The petitioners who have opposed reservations for the Marathas and the Muslims in Maharashtra, on Thursday argued before the Bombay high court that these communities were not backward, and Marathas were in fact dominant in many sectors.
Former journalist Ketan Tirodkar who has filed one of the public interest litigations against state government's election-year decision to provide reservations on Thursday stated that 75% of cooperative sugar factories in Maharashtra were controlled by Marathas.
Further, 75% of the educational institutions too were controlled by the same community, he said. Also, 75% of the land in the state was owned by the Maratha community, he added.
The people from the community form majority of the borrowers of Maharashtra State Cooperative Bank, and many loans of the bank had turned bad, leading to appointment of administrator, he said.
The division bench headed by chief justice Mohit Shah asked Tirodkar to provide data regarding the purported dominance of Marathas in economically strong regions of Satara, Sangli, Parbhani, Baramati, Pune and Karad, vis-a-vis other districts.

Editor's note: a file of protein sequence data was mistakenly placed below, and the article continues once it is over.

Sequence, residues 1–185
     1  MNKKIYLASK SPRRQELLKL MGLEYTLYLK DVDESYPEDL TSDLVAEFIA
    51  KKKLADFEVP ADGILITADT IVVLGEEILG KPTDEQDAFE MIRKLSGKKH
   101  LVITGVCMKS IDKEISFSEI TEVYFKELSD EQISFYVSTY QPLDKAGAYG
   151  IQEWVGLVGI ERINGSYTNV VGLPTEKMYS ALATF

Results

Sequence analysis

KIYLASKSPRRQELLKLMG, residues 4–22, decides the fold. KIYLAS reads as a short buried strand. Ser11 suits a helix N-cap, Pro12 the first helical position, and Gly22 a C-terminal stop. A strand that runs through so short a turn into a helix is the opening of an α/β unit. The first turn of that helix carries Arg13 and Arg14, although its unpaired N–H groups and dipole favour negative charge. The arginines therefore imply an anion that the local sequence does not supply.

The Congress-NCP government, which is facing assembly elections next month, earlier this year took the decision to provide 16% reservations for Marathas and 5% for the Muslims.
Senior advocate Pradeep Sancheti, appearing for the NGO Youth For Equality, another petitioner, argued that as per the Supreme Court's guidelines aggregate reservations cannot exceed 50%, and a religion can not be a basis for providing reservations.
The government's argument is that these two communities were "socially and economically backward". Advocate General Darius Khambata said that as to the Marathas, the decision was based on the recommendations of a committee headed by minister Narayan Rane, while as to the Muslims, it was based on recommendations of Rajinder Sachhar committee and Mahmoodur Rahman committee.
The arguments would continue on Friday.